correctional facilities across the nation are removed from their communities for non-violent charges and pose no threat to community safety, it is unacceptable to allow children to be separated from their families during this global crisis.
Many detention and correctional facilities have not communicated with youths’ parents, except to tell them they cannot visit. As noted previously, we do not believe detention and correctional facilities are equipped to appropriately handle this crisis. However, this vast lack of communication increases the uncertainty, anxiety, and fear on the part of families and their children.
According to the CDC, children, teens, and people with preexisting mental health conditions are among those “who many respond more strongly” to the stress and fears associated with the outbreak of this disease. In essence, a preexisting mental health condition renders a youth more vulnerable to increased distress related to the current health crisis. Research has consistently demonstrated the prevalence of mental health disorders among youth in the detention center is at least twice that of youth who are not detained. These uncertain times are traumatic for the country and the world. According to the American Academy of Pediatrics, “[c]hildren who suffer potentially traumatic events are more likely to develop lasting emotional problems if they are not with their parents – or are separated from their parents – immediately after the event.” Allowing youth to “shelter in place” with their families can potentially reduce the negative emotional impact that this global crisis may have on their current well-being and long-term adjustment.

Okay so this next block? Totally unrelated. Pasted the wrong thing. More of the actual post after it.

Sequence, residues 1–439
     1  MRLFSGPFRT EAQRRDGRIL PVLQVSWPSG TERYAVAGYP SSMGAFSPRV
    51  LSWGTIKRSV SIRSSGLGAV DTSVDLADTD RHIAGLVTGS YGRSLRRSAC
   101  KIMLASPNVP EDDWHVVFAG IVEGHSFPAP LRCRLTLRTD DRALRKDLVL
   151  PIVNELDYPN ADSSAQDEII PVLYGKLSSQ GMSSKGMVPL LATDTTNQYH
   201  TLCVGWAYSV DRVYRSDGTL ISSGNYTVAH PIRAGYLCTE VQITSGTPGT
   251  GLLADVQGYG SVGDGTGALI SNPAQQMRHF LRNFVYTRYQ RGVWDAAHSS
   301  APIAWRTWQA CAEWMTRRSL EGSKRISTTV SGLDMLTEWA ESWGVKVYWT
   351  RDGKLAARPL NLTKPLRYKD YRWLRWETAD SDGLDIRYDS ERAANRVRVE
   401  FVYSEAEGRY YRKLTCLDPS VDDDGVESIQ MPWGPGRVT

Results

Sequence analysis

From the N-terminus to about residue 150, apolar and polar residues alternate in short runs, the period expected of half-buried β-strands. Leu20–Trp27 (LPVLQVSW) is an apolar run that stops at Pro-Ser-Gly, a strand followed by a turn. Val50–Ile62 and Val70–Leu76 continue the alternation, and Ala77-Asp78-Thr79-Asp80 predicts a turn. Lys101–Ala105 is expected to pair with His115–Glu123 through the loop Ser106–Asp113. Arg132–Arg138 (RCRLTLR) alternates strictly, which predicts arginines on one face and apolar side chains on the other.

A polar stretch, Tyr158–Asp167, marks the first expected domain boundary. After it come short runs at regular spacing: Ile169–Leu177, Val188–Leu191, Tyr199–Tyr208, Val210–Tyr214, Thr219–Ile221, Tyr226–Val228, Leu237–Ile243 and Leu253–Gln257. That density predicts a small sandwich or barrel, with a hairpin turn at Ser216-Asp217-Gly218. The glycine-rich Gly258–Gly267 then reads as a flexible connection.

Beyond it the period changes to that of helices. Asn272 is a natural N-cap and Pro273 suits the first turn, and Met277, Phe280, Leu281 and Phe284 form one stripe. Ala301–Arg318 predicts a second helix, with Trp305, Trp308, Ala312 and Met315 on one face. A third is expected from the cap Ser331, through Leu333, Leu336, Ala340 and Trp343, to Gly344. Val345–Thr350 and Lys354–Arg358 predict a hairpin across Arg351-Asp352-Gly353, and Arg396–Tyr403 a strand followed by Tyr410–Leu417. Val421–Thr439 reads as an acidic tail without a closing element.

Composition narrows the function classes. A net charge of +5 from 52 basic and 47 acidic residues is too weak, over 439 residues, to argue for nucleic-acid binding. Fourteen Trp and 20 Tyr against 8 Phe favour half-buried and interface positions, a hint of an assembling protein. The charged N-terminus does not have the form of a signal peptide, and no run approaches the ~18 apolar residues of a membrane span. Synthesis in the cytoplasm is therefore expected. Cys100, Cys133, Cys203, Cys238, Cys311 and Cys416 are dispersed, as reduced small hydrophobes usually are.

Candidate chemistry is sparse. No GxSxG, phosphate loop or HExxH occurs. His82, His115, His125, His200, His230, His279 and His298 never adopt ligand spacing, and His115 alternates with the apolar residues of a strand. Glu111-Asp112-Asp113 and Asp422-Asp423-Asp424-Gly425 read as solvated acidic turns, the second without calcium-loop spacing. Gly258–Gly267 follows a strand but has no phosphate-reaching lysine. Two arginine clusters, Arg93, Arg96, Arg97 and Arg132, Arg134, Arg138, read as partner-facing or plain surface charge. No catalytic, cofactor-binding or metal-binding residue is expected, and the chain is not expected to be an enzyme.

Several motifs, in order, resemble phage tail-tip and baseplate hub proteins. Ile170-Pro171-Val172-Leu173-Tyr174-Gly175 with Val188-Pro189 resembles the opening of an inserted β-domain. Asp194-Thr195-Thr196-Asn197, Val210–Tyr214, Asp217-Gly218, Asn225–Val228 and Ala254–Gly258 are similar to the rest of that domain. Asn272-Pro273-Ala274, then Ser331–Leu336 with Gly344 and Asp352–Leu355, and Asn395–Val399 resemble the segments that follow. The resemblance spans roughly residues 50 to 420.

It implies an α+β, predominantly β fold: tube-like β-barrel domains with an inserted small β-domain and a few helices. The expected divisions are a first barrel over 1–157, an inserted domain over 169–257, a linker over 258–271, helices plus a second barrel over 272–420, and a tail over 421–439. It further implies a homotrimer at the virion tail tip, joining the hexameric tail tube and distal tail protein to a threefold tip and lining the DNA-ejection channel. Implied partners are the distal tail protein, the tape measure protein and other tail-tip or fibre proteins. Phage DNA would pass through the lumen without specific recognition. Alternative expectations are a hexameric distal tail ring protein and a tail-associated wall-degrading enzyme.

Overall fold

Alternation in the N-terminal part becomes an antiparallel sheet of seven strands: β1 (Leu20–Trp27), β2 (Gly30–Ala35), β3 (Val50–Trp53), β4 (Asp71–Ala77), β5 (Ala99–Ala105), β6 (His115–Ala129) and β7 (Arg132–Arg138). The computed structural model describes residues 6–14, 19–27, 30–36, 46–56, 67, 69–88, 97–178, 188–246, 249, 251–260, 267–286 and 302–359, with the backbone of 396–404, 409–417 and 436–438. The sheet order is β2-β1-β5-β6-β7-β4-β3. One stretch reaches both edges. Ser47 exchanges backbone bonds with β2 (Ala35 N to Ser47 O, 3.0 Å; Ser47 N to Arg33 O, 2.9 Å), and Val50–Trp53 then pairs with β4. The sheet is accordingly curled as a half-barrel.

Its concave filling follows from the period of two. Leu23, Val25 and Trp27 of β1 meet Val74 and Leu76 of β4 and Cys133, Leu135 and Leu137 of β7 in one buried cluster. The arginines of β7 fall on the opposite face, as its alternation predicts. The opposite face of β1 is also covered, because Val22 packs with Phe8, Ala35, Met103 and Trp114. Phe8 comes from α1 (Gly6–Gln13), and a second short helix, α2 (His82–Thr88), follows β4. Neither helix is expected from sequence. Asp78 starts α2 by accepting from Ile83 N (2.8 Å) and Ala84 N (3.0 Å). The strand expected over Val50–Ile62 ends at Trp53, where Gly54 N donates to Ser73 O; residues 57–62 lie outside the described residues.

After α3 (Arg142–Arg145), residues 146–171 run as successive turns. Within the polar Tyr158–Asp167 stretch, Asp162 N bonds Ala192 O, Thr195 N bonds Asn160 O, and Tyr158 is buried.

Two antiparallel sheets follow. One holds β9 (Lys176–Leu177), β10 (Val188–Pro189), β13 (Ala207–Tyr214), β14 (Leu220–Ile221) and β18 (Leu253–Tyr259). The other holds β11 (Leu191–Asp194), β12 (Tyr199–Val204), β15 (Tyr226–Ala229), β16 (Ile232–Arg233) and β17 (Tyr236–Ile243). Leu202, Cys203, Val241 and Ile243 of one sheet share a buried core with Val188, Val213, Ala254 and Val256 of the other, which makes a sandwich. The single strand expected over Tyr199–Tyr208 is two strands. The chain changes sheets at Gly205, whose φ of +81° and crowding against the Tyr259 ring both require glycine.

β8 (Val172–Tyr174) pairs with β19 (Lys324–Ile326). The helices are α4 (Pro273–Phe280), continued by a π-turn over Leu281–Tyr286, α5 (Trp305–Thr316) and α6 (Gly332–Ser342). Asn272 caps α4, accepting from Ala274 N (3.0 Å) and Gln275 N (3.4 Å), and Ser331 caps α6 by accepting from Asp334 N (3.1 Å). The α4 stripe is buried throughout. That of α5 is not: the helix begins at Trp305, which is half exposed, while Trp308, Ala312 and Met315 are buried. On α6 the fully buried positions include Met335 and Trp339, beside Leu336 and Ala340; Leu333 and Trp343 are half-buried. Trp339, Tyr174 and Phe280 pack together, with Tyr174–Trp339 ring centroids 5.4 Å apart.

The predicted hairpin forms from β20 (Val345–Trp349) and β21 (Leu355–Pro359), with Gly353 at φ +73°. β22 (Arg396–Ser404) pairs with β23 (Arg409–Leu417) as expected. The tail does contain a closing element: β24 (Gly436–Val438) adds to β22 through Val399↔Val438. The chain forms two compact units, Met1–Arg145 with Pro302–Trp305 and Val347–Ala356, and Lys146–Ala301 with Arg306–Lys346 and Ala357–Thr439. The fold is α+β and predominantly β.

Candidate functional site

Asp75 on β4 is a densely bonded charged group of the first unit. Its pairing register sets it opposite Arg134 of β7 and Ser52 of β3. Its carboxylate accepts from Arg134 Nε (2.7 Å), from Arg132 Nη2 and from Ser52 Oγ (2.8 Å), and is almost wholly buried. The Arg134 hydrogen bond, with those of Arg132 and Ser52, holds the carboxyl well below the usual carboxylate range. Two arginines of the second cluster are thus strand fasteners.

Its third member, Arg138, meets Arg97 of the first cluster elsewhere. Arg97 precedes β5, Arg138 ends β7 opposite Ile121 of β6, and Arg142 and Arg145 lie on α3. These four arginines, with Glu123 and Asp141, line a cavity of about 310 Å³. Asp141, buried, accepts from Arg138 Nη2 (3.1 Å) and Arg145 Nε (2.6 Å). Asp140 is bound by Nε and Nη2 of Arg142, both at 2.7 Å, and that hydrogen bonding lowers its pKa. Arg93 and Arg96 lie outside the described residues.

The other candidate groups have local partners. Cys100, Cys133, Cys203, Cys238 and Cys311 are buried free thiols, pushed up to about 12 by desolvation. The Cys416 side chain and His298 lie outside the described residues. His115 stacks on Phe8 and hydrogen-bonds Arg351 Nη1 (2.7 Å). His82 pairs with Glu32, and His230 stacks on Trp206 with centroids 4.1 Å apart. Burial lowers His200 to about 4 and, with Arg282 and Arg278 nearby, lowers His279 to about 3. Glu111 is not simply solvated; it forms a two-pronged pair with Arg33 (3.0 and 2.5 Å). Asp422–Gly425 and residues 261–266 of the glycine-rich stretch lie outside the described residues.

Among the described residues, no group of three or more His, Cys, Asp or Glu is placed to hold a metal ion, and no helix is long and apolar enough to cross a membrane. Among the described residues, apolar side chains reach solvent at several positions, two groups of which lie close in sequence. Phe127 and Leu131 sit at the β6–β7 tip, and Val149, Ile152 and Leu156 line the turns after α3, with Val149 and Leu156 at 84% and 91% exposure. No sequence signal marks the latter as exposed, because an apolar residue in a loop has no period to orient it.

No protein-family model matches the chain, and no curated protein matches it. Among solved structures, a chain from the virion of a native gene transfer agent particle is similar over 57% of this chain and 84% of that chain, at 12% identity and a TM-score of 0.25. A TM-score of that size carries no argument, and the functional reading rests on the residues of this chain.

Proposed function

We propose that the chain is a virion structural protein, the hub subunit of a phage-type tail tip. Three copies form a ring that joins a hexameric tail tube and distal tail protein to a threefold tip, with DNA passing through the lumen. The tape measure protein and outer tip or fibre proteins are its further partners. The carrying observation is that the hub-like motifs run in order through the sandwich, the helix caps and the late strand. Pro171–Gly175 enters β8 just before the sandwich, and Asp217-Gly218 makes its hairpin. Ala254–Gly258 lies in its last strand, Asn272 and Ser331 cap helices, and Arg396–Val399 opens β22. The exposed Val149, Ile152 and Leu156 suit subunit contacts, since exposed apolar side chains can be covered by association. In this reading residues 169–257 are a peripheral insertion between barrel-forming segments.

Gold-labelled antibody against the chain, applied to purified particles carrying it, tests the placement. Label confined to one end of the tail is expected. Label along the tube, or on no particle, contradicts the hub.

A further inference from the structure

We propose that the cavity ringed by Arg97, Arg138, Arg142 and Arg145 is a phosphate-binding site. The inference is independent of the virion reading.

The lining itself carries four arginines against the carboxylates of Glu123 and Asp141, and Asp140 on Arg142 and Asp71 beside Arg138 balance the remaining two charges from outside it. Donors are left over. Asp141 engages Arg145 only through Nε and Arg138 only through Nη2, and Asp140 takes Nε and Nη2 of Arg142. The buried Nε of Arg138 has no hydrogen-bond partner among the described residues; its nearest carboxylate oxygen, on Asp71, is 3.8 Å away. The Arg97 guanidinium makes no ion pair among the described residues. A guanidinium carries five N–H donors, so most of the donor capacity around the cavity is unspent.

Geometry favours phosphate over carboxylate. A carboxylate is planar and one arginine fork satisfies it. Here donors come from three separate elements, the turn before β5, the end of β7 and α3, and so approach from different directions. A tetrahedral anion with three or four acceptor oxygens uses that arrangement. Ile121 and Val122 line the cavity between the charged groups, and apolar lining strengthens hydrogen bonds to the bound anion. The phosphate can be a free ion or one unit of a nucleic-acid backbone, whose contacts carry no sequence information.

V. Juvenile Courts Must Respond to this Public Health Crisis
Juvenile courts have an obligation to avoid the preventable spread of COVID-19 amongst the youth in their care. The COVID-19 outbreak puts young people at unnecessary risk of illness and of becoming carriers of the disease. Recent public health recommendations indicate that the safest practice for all people is to remain at home with family members as much as possible. Worldwide trends indicate these recommendations will become more stringent guidelines sooner rather than later. Further detention and incarceration of any minors who can remain safely at home with families and/or caretakers is inconsistent with the rehabilitative goals of the juvenile justice system and contrary to public health recommendations.
Especially now that the nation has moved into the community transmission phase of this global pandemic, the possibility of detention and correctional staff transmitting the virus to youth in their custody, and/or infected youth passing the virus to staff is a real risk. This public health crisis requires each and every one of us to re-evaluate how we conduct our lives and care for one another. Institutions responsible for the care and custody of vulnerable populations must take unique steps to “flatten the curve” and slow the spread of this virus. We strongly recommend that governors, juvenile court systems, and state and local juvenile detention and correctional departments across the nation release youth in detention and correctional facilities who can safely return to the home of their families and/or caretakers with community-based supports and supervision, and be mindful of incarcerating as few youth as possible in order to mitigate the harm from a COVID-19 outbreak.
Physicians for Criminal Justice Reform